Historical aspects of studying craniocervical dystonia

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The study of dystonic hyperkinesias has a thousand-year-old history. Beginning with drawings and sculptures from antiquity and up to the present day, modern ideas gradually developed about the phenomenology, origin, and treatment methods of dystonia. Mentions of spastic torticollis, blepharospasm and Meige syndrome can even be found in the writings of Hippocrates and Celsus. Images and monuments from antiquity and ancient civilizations indicate the existence of focal dystonias in those times.

The Middle Ages left science with records of cervical dystonia and numerous illustrations in religious images. The first well-known mention of the term ‘torticollis’ belongs to François Rabelais. The term started to appear in medical texts later on. One of the earliest medical records on cervical dystonia was made by the Swiss physician Felix Platerus. During the Age of Enlightenment, dystonias became a separate class in disease classification.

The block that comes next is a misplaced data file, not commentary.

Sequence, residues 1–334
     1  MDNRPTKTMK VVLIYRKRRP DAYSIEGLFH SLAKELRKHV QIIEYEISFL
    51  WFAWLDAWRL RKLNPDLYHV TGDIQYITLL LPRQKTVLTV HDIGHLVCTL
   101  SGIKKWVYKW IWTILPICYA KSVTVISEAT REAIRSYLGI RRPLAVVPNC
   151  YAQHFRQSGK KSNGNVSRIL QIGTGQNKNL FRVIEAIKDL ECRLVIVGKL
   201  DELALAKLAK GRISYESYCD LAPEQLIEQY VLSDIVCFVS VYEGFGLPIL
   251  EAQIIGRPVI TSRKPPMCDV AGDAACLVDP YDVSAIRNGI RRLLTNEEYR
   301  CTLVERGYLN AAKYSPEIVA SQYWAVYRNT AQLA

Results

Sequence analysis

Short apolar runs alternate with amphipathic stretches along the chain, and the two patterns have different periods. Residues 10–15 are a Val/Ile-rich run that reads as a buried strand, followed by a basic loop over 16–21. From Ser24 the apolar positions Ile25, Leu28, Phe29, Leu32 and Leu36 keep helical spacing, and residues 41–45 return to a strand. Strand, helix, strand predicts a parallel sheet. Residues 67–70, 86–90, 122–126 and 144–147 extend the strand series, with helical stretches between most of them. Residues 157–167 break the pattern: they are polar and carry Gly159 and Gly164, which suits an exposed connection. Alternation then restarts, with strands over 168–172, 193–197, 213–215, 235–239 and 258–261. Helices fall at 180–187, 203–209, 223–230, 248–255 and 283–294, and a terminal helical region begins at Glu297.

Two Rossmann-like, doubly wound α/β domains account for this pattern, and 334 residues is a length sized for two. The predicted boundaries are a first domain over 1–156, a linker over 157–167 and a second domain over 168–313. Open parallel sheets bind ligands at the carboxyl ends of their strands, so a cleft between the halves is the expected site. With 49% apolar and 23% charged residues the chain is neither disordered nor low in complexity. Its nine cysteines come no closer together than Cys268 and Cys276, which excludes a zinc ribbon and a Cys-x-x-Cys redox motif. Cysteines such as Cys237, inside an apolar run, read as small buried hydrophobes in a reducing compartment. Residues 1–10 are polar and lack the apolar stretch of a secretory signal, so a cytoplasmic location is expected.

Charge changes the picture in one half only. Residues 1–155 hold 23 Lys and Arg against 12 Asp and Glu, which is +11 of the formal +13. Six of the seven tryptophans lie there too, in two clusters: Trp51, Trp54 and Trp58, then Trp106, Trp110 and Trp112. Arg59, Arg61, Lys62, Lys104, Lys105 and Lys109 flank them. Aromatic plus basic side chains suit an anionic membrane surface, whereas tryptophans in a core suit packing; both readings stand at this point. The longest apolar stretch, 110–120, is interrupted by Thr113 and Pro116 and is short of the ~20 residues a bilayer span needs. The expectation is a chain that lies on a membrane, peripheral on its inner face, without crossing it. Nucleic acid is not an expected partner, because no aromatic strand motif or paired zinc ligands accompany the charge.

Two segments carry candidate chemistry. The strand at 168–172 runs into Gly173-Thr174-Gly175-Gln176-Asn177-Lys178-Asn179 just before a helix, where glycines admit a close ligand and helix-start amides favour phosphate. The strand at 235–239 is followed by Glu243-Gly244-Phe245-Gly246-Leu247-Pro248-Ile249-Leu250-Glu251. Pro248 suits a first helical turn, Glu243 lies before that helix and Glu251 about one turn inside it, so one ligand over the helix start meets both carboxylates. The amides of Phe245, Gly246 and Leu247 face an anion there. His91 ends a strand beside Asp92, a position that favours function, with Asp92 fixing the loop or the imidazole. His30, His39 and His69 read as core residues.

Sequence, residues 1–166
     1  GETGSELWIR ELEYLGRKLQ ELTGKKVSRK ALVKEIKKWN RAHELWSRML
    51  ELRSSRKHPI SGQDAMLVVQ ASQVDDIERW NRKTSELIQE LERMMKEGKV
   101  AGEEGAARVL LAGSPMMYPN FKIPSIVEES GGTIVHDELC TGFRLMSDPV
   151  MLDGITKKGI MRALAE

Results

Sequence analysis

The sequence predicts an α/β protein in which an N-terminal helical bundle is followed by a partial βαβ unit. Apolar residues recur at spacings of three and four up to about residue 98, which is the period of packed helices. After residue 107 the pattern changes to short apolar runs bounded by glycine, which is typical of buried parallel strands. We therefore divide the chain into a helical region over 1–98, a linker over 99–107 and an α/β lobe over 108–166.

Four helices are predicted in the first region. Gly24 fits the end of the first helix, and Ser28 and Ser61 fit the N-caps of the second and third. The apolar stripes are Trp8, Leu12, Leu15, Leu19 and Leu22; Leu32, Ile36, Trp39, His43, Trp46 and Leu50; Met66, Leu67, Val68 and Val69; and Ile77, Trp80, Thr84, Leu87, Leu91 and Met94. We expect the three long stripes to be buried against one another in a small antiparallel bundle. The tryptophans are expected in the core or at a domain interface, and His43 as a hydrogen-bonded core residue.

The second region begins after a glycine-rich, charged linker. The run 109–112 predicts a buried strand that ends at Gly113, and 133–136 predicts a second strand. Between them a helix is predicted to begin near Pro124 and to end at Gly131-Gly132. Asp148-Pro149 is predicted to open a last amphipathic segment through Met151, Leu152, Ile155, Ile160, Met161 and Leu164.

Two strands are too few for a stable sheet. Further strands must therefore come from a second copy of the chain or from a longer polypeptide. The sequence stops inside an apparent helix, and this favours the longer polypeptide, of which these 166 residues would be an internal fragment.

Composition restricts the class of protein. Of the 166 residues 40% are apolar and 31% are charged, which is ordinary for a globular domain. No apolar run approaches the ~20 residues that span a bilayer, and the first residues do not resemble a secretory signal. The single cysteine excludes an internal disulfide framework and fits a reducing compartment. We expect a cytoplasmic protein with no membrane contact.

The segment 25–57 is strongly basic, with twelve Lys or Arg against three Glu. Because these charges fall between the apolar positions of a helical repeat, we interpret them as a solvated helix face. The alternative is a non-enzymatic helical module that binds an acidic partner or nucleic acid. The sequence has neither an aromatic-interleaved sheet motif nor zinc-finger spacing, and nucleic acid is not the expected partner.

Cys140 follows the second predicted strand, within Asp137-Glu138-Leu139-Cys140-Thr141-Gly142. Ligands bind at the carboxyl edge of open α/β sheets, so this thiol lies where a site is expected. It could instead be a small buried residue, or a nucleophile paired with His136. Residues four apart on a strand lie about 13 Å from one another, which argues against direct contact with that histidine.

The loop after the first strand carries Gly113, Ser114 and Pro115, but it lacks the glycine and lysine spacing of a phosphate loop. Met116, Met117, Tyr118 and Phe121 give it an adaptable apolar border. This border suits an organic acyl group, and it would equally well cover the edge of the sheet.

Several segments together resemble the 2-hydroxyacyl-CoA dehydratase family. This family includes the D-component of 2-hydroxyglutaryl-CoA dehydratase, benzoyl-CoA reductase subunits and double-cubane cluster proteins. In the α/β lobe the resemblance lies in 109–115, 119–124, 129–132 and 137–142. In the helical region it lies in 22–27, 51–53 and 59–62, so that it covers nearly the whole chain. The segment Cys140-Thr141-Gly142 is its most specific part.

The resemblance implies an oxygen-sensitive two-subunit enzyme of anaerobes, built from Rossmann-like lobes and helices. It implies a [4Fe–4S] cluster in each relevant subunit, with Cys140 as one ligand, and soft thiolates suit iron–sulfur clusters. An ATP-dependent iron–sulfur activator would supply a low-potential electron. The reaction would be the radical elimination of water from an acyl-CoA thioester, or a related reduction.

Modern tendencies in studying dystonia are characterized by identifying the genes responsible for different forms of primary dystonia along with description of their phenotypes. There is an ongoing research on the role of mental disorders in the clinical presentation of dystonia.

About the authors

Zifa G. Khayatova

Kazan State Medical University

Author for correspondence.
Email: hayatova@list.ru
Russian Federation, Kazan

Zuleykha A. Zalyalova

Kazan State Medical University; Republican Centre of Movement Disorders and Botulinum Therapy

Email: hayatova@list.ru
Russian Federation, Kazan


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Copyright (c) 2019 Khayatova Z.G., Zalyalova Z.A.

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